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Guidance on Relocation

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									                                                                           Appendix VI-I


                               Guidance on Relocation

The Lead Safe Housing Rule includes requirements for occupant protection during lead
hazard reduction activities. These occupant protection measures often require that a
resident leave the unit while work is being performed. Relocation to a temporary unit
may be required.

The following are some frequently asked questions about relocation.

1. When is relocation required?
  Residents must be kept out of the work area during lead hazard reduction work and
    cannot return to the work area until it has passed clearance.
  If the residents cannot enter important parts of their home (e.g. bathrooms,
    kitchens) for more than a day, they need to be relocated temporarily.

2. When is relocation not required?
  The lead safe housing rule lists several situations that do not require relocation.
    These include the following situations:
     Work will not disturb lead-based paint, dust lead hazards, or soil lead hazards.

     Work on the interior of the unit will be completed within one period in eight
        daytime hours, the site will be contained, and the work will not create other
        safety, health, or environmental hazards.
     Only the building’s exterior is treated; the windows, doors, ventilation intakes,
        and other openings near the worksite are sealed during hazard reduction
        activities and cleaned afterward; and a lead-free entry is provided.
     Treatment will be completed within five calendar days; the work area is sealed;
        at the end of each day, the area within 10 feet of the containment area is
        cleared of debris and cleaned; at the end of each day, occupants have safe
        access to sleeping areas, bathroom, and kitchen facilities; and treatment does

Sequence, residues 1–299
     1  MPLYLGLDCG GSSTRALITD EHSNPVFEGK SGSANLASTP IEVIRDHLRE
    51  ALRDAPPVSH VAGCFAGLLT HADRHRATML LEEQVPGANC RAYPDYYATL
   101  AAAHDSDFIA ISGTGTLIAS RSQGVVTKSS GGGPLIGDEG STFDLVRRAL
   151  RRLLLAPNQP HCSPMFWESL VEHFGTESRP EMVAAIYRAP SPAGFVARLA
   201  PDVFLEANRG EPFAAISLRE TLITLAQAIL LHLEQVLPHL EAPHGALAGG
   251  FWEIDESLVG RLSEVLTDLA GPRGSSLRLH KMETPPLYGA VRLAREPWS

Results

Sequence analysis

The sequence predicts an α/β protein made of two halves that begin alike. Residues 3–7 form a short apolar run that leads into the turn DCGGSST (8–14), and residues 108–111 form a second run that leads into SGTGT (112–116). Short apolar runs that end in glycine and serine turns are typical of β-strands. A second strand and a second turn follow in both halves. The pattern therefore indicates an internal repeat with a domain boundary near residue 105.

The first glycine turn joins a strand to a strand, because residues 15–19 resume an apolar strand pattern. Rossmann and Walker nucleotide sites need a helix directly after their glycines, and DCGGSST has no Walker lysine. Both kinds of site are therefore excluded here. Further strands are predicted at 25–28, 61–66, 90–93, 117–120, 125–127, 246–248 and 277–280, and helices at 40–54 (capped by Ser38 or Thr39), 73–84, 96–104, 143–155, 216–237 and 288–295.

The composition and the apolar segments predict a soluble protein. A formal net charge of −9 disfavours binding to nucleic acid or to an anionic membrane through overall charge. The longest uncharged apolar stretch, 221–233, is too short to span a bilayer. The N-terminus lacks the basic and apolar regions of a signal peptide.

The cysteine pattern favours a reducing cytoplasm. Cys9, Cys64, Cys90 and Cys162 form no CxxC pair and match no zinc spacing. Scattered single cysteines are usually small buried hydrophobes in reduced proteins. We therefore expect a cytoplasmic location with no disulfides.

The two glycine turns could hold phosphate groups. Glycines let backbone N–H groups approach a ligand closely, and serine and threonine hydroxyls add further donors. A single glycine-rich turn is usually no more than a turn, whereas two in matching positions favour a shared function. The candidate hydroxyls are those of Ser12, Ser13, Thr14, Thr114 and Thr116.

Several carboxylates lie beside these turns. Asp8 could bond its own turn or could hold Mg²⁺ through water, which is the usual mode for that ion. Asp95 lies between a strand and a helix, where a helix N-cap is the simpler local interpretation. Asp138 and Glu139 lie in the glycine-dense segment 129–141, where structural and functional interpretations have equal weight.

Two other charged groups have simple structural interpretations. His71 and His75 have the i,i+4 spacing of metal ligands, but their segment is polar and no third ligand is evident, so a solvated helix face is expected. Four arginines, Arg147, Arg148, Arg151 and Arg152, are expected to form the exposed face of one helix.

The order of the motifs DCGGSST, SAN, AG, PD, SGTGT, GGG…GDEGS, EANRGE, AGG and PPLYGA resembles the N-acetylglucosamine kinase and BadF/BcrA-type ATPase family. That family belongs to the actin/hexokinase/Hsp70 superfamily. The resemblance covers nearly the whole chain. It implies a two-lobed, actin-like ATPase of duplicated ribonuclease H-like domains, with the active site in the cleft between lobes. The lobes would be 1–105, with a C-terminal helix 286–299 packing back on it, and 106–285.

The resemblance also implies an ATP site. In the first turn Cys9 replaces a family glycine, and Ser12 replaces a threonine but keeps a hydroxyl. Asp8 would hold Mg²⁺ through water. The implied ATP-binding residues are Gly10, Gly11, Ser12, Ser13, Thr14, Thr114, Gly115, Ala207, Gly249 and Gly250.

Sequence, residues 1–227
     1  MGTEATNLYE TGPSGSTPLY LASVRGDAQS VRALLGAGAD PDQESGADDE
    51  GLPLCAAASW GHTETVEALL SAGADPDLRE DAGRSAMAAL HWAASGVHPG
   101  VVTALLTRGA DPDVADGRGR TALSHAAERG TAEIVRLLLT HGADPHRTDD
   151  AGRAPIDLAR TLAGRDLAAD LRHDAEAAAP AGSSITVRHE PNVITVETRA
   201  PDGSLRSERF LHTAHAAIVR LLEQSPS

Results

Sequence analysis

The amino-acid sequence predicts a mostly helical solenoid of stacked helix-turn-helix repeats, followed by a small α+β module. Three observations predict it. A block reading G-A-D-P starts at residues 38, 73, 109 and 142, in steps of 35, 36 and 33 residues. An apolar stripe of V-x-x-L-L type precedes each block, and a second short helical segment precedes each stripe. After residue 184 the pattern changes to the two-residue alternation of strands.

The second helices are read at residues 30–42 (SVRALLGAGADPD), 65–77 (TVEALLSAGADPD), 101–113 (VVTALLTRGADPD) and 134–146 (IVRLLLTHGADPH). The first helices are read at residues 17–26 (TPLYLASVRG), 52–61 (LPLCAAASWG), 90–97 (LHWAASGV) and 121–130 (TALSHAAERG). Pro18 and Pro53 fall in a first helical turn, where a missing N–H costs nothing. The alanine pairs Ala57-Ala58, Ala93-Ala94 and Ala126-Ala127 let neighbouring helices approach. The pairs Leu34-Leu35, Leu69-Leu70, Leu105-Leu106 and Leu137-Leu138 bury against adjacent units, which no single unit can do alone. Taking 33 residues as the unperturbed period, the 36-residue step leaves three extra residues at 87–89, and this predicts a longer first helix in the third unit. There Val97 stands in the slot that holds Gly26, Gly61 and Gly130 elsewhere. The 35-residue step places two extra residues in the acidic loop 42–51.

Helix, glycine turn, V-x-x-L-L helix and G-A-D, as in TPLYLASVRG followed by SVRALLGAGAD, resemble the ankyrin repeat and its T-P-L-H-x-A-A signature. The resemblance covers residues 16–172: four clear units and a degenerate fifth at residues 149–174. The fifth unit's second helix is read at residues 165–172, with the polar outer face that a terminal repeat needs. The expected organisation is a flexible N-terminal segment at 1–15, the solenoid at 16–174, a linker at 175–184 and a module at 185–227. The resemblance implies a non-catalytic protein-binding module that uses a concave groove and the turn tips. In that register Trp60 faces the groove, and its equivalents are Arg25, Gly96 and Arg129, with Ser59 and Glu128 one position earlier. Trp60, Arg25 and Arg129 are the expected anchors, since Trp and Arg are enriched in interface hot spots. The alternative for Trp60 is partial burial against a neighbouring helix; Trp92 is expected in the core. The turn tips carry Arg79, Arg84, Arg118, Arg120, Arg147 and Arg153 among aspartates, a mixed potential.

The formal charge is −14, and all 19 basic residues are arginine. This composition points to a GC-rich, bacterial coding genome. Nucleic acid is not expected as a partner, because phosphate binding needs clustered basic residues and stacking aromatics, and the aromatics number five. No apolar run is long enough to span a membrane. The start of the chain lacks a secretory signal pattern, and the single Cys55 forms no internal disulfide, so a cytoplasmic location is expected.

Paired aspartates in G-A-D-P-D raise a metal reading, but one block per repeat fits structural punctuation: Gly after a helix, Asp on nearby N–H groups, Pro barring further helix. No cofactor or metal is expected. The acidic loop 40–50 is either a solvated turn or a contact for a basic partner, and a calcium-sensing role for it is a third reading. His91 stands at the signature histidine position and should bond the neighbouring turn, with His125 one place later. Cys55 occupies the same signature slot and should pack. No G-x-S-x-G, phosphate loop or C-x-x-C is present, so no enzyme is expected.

not create other safety, health, or environmental hazards.
  HUD has advised that the relocation of elderly occupants is not typically required,
    so long as complete disclosure of the nature of the work is provided and informed
    consent of the elderly occupant(s) is obtained before commencement of the work.
    (See Form 13 in this manual for a sample form to be filled out by an elderly
    occupant.)

3. What constitutes an appropriate relocation unit?
  The Lead Safe Housing Rule requires that the relocation unit be lead-safe. The
    Interpretive Guidance provides two ways to demonstrate the lead-safety of a unit:
     Use post-1978 units

     Perform a clearance examination in the unit to ensure that there is no
        deteriorated paint or dust hazards




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                                                                            Appendix VI-I


4. Does relocation for lead hazard reduction trigger the Uniform Relocation Act
(URA)?
  The URA is triggered if tenants are not treated reasonably during temporary
    relocation.
  For tenants, this means that the agency must pay the out-of-pocket costs incurred
    by tenants during temporary relocation, such as the rent charged for the temporary